Death camps delay diploma

Carl Ofisher was 13 when Jewish students in Poland were banned from going to school. But now, the 80-year-old Scottsdale resident will finally get a high school diploma.

I was an education reporter at The East Valley Tribune newspaper when I heard about students at Marcos de Niza High School wanting to honor a Holocaust survivor’s story by issuing him an honorary high school diploma. I told Mr. Ofisher’s story and followed up on his eventual diploma story.

Death camps delay diploma

Students honor survivor-lecturer of Holocaust

Students honor survivor-lecturer of Holocaust

Carl Ofisher was 13 when Jewish students in Poland were banned from going to school. Then came the ghetto. The concentration camps. The death marches.

It all came to an end when American soldiers freed Ofisher and others from a concentration camp in Austria at the end of World War II. He weighed 55 pounds and had little education at 19, having never attended high school.

But now, the 80-year-old Scottsdale resident will finally get a high school diploma.

The Tempe Union High School District’s administration approved requests by Marcos de Niza High School students on Monday to give the longtime assembly speaker an honorary diploma.

“Usually you get (to) graduation when you’re 18, not 80,” Ofisher said. “I have many awards, but this is something different.”

Ofisher is expected to receive the diploma at a school board meeting in mid-May.

It took two years, signatures of more than 400 students and numerous conversations with administrators.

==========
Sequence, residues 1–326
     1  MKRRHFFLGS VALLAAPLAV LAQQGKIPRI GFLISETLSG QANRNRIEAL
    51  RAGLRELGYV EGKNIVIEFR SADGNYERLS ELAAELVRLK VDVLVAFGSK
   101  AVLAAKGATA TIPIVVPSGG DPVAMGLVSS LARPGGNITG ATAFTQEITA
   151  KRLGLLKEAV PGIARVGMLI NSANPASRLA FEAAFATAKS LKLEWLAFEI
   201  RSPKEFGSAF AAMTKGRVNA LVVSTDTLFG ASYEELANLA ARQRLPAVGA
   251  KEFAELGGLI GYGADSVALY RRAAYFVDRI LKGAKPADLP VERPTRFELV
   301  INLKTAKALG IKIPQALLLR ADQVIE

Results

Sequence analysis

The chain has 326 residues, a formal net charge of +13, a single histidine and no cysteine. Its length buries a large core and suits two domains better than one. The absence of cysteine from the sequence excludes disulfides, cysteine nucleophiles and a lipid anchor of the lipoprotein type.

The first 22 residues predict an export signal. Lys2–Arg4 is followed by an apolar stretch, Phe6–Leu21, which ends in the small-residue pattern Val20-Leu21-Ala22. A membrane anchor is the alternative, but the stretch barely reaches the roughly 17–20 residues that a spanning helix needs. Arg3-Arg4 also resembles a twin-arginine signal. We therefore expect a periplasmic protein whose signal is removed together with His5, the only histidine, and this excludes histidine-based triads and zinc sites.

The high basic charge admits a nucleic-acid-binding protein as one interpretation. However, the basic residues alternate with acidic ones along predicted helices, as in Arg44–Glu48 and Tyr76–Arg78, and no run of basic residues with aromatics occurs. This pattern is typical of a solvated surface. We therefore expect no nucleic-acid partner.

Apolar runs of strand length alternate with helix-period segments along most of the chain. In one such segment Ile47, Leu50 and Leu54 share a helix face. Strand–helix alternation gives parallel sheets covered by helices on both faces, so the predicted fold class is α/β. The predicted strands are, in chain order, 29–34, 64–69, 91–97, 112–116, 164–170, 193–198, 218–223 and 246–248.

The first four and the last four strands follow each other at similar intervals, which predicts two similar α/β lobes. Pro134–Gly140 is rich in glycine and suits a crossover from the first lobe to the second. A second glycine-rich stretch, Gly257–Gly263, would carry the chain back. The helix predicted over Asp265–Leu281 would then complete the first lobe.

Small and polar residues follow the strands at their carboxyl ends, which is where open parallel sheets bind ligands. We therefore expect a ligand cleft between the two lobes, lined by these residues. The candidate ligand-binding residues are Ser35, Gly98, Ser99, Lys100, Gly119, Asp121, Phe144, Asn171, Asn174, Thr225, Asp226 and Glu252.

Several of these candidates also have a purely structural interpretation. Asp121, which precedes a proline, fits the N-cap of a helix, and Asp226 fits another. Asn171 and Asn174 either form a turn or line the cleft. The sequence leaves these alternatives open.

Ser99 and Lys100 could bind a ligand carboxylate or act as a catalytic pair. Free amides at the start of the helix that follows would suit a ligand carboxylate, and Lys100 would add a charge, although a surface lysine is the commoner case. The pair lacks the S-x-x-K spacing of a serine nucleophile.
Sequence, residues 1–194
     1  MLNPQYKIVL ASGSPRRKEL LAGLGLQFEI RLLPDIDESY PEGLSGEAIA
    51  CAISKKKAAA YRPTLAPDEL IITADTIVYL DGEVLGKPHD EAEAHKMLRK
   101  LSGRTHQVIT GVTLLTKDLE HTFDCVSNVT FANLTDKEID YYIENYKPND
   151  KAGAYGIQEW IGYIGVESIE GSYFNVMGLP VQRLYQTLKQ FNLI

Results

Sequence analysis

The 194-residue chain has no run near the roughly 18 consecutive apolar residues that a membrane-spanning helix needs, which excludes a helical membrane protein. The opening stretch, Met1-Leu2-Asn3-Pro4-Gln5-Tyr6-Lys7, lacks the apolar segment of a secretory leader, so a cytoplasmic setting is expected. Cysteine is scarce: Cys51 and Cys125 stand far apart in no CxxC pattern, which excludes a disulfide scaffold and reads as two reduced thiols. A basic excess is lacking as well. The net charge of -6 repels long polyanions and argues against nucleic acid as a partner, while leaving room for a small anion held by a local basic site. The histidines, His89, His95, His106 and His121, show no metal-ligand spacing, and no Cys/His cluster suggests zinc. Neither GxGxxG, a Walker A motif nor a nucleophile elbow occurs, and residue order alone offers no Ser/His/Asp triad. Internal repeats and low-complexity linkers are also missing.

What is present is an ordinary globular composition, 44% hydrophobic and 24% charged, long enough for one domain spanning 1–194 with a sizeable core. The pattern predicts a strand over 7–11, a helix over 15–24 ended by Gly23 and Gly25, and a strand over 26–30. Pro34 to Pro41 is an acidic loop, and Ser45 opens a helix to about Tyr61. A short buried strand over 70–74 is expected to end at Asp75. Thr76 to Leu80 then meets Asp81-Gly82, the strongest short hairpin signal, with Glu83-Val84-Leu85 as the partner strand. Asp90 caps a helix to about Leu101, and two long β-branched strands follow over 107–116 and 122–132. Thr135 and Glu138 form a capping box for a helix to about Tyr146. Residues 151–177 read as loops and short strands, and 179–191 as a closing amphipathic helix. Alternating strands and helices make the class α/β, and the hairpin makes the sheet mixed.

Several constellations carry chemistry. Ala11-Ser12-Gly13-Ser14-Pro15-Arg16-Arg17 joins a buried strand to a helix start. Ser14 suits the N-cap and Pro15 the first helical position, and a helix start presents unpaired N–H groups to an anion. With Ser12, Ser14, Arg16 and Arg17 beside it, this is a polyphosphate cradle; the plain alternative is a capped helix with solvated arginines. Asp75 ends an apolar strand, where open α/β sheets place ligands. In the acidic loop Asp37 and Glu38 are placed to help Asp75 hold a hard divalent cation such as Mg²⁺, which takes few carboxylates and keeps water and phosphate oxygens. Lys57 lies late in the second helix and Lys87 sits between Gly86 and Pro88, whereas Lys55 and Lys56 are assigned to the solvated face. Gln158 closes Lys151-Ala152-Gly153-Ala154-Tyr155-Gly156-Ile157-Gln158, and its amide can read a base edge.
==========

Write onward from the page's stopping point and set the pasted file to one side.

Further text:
“He gave us time and energy for 20 years and I thought this was the best way to give back for everything he gave for us,” said Brandon Bohlman, 18, who in part championed the effort.

Ofisher, a member of the Phoenix Holocaust Survivors’ Association, has spoken regularly about his harrowing experiences to students at the school since the mid-1980s.

He still bears the identification given to him by the Nazis — “B8047″ — tattooed in bluish-green ink on his left forearm.

Ofisher’s family — his parents, two brothers and two sisters — died during the Holocaust.

“It’s very hard” to talk about, Ofisher said. “You come home and dream about (the experiences) and go through your childhood.”

But thousands of letters from students over the years have spurred Ofisher to keep repeating his story.

“In the beginning, we didn’t talk about the Holocaust. We wanted to forget everything because we lost 6 million of us,” he said. “When we survivors started to pass away . . . we woke up and realized we needed to teach the Holocaust.”

Peggie Peters, an advanced placement history teacher at the school who first invited Ofisher to speak at assemblies, said he has contributed to the education of students and “deserves to be a (Marcos de Niza) Padre.” The Padre is the school’s mascot.

The honorary diploma almost didn’t happen, however.

Last year, a group of students tried to get the process moving but hit a dead end when they thought Ofisher didn’t meet criteria to receive an honorary diploma.

Bohlman, who wasn’t as involved in the process last year, said students mistakenly thought Ofisher had to be a person who missed out on his high school diploma because he was serving his country in a war.

Zita Johnson, a district school board member, said Bohlman approached her for advice in March on what he should do to obtain a diploma for Ofisher. She suggested talking with the school’s principal who then brought it to the district superintendent who approved the diploma.

Principal Frank Mirizio and Bohlman will present the proposal later this month to the school board, who is expected to give final approval, Johnson said.

“He’s a walking piece of history,” Mirizio said.